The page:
Quantum Computing with Superconducting Qubits: architecture and algorithms
Module version of SS 2020
There are historic module descriptions of this module. A module description is valid until replaced by a newer one.
Whether the module’s courses are offered during a specific semester is listed in the section Courses, Learning and Teaching Methods and Literature below.
|available module versions|
|WS 2020/1||SS 2020|
PH2299 is a semester module in language at which is offered irregularly.
This Module is included in the following catalogues within the study programs in physics.
- Specific catalogue of special courses for condensed matter physics
- Specific catalogue of special courses for Applied and Engineering Physics
- Focus Area Experimental Quantum Science & Technology in M.Sc. Quantum Science & Technology
- Complementary catalogue of special courses for nuclear, particle, and astrophysics
- Complementary catalogue of special courses for Biophysics
If not stated otherwise for export to a non-physics program the student workload is given in the following table.
|Total workload||Contact hours||Credits (ECTS)|
|150 h||45 h||5 CP|
Responsible coordinator of the module PH2299 in the version of SS 2020 was Stefan Filipp.
Content, Learning Outcome and Preconditions
Quantum computing is in the middle of the so-called Noisy Intermediate-Scale Quantum (NISQ) computing era that is characterized by the fact that computer architectures do not yet have error correction mechanisms, but first algorithms that finish within the available coherence time can already be tested on real quantum computer prototypes. These algorithms hold the promise to offer a wide variety of applications, such as in quantum chemistry, finance, or logistics. With these prospects, quantum computing enjoys a very high level of media attention, spurred even more by first signs of a quantum advantage on quantum processors with a few dozens of superconducting qubits as well as by publicly available cloud-based quantum computing services. How do quantum computers work? Which algorithms are available that may provide a 'quantum advantage' as compared to their classical counterparts? How can algorithms be optimized so that the underlying quantum hardware is used optimally? How far advanced is the current technology? And what are the challenges ahead? In this course we want to shed light on these and related question. As one of the most promising platforms for a fully operational quantum computing platform we will elaborate on superconducting qubits and discuss their operational principle in detail. Other promising quantum computing platforms will also be discussed and compared to each other.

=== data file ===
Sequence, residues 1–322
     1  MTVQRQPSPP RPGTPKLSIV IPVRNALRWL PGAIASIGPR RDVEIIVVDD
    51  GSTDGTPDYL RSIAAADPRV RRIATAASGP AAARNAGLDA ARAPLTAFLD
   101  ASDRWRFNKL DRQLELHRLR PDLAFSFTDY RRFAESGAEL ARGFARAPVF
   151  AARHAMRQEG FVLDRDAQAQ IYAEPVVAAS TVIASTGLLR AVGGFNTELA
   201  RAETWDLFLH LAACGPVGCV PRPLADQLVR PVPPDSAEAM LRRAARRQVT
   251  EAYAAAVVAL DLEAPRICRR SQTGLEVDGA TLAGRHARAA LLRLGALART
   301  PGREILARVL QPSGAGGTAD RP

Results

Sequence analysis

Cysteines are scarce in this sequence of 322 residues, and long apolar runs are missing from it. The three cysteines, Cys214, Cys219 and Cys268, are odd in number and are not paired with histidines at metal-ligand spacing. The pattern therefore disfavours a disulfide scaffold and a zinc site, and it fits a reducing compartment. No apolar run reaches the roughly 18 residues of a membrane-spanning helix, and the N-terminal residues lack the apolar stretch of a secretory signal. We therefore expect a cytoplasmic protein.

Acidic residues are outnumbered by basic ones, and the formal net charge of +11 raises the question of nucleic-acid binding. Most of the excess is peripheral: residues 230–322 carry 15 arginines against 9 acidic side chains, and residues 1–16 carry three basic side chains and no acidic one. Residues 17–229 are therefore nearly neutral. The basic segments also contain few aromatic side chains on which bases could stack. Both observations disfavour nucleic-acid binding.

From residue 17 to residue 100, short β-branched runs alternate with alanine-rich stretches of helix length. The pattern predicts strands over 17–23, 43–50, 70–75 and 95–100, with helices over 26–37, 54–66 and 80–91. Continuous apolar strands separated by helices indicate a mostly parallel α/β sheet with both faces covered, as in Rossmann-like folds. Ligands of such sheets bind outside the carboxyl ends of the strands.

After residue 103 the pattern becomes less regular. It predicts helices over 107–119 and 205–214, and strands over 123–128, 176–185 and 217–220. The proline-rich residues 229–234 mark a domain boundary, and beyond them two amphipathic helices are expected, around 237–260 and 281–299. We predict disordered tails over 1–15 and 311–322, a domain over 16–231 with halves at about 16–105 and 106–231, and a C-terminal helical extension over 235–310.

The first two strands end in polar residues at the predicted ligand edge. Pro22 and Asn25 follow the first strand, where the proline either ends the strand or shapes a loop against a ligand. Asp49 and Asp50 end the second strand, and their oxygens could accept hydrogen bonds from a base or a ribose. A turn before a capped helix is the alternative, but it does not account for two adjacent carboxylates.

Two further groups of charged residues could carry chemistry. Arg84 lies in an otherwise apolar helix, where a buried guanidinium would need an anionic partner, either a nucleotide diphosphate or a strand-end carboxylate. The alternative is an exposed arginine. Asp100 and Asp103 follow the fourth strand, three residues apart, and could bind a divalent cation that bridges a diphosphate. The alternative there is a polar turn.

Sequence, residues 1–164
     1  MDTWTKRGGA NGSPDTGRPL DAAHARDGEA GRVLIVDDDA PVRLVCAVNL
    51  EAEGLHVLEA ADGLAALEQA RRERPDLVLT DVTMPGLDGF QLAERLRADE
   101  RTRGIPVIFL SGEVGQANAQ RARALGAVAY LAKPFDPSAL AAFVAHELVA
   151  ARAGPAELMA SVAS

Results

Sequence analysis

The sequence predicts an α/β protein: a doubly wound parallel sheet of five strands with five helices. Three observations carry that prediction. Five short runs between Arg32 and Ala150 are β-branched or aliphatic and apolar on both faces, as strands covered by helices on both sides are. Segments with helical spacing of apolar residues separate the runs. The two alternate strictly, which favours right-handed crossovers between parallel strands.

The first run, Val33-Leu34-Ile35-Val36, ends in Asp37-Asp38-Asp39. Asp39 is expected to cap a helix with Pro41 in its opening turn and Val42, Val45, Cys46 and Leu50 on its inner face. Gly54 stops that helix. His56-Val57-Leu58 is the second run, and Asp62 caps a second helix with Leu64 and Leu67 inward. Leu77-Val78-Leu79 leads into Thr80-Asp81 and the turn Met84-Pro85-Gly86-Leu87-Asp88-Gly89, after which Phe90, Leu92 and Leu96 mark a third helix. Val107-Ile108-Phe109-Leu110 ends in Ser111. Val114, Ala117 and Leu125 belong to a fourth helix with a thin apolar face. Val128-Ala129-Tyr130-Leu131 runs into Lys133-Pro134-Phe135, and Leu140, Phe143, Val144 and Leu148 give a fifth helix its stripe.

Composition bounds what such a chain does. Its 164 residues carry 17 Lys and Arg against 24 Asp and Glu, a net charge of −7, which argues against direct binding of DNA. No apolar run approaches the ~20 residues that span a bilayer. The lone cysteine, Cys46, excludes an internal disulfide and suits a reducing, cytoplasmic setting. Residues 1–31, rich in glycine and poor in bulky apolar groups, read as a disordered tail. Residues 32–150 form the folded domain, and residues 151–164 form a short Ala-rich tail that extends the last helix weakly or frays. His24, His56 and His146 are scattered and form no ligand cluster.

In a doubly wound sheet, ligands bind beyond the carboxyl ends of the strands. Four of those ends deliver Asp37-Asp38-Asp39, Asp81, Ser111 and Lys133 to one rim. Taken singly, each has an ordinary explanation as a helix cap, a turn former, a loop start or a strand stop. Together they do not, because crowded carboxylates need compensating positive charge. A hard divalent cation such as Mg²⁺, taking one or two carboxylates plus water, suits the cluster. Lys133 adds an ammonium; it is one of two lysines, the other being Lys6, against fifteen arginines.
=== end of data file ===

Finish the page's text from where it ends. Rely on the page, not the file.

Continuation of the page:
The course will address the following topics:
- Basic principles of qubits and quantum gates.
- Basic Algorithms such as Quantum teleportation, Grover's search algorithm, Quantum Fourier Transform or Shor's factorization algorithm.
- Quantum Algorithms for applications (variational algorithms for quantum chemistry, combinatorial optimization problem using quantum approximate optimization algorithm)
- Superconducting quantum circuits for quantum computation (qubits, couplers)